Meet the Author

Daniel Carroll |

Research Economist

Daniel Carroll

Daniel Carroll is a research economist in the Research Department of the Federal Reserve Bank of Cleveland. His primary research interests are macroeconomics, public finance, and political economy. Currently, he is studying the implications of progressive income taxation for the distributions of wealth and income.

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Meet the Author

Beth Mowry |

Research Assistant

Beth Mowry

Beth Mowry was formerly a research assistant in the Research Department of the Federal Reserve Bank of Cleveland. Her work focuses on labor markets and business cycles.

03.19.10.

Economic Trends

Personal Savings Up, National Savings Down

Daniel Carroll and Beth Mowry

Saving is the engine that drives long-run economic growth by providing funds for investment in capital and projects, which then produce output in the future. Since the early 1980s the personal savings rate, the fraction of after-tax (or disposable) income households save, has trended downward. Household savings end up as investment either directly, like when a household directly purchases equity, or indirectly, when a household puts its savings in a bank, which uses those funds for lending.

In 1982, the personal savings rate was nearly 11 percent of disposable income. In contrast, by 2005 personal savings represented only 1.4 percent of disposable income. This steady decline in the savings rate of U.S. households has concerned economists, so it may be seen as promising that the trend reversed direction during the latest downturn. In 2008, the personal savings rate rose to 2.6 percent and in 2009 reached 4.3 percent, its highest level since 1998.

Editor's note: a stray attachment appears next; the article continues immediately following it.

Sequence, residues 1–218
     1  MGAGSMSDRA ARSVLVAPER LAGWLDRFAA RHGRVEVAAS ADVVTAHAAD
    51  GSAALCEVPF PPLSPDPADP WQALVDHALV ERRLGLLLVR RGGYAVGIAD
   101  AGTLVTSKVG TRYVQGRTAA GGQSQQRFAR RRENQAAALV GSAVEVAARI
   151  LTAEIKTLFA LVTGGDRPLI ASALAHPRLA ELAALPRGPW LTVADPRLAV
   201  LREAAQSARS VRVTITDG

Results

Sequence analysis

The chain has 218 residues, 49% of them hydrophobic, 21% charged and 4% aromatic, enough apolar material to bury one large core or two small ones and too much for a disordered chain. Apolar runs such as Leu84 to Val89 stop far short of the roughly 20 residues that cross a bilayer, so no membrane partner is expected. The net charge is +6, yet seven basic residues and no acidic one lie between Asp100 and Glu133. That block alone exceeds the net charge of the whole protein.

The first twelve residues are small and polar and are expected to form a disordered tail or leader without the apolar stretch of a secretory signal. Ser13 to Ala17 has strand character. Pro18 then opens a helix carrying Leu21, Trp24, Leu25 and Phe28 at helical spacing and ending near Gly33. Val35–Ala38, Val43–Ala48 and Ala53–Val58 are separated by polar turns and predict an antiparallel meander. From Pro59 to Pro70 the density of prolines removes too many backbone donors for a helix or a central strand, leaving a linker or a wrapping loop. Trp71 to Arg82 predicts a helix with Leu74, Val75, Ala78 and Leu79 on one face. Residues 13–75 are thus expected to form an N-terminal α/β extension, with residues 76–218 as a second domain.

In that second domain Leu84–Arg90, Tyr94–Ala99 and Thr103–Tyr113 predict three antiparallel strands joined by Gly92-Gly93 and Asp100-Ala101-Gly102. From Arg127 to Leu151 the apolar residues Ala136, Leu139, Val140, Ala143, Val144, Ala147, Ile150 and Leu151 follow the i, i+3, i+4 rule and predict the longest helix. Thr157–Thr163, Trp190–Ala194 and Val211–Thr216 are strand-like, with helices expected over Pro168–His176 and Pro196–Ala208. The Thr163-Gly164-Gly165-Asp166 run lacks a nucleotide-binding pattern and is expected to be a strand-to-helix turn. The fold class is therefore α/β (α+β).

To understand the reason for this uptick, it helps to know how the savings rate is calculated. The personal savings rate can be expressed as one minus the ratio of household personal outlays (that is, spending) to disposable income (personal income minus personal taxes). This leads to the following simple equation:

This equation shows that changes in the personal savings rate must be associated with at least one of the following: increased personal income, reduced personal outlays, or decreased personal taxes. Let’s take a look at the trends in each of these components in turn.

Over the past five years, personal income growth has slowed. Personal income grew at annual rates of 7.5 percent in 2006 and 5.6 percent in 2007, but following the onset of the last recession, income slowed to 2.9 percent in 2008 and fell in 2009 to −1.7 percent. Taken in isolation, a declining trend in personal income reduces the personal savings rate. Since the personal savings rate has risen, the cause for the increase must be found in the other two factors.

Turning to the second component, personal outlays, primarily households’ expenditures on consumption goods and services, have also declined, though less precipitously than personal income. After growing at an average annual rate of 5.7 percent from 2005-2007, personal outlays grew in 2008 by only 2.9 percent, and in 2009 shrank slightly (−0.6 percent). A decline in outlays does move the personal savings rate upward, but it cannot be the main factor behind the rise in the rate because personal income fell by an even greater percentage.